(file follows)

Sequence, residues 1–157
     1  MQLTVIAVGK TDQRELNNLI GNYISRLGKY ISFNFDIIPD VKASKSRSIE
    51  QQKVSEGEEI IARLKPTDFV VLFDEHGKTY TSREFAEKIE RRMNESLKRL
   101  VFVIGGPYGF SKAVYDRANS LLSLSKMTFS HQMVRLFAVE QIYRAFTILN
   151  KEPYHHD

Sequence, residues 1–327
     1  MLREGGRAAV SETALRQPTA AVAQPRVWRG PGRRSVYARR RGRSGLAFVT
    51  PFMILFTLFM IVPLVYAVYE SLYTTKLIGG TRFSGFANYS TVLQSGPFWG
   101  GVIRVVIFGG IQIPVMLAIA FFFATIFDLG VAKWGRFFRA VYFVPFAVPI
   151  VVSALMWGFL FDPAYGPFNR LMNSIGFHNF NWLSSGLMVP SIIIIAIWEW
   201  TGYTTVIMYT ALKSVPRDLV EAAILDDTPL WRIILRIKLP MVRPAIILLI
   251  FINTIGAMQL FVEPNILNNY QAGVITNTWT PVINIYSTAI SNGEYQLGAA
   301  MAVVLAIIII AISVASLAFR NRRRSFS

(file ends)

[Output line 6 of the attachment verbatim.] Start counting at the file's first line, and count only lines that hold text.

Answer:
Sequence, residues 1–327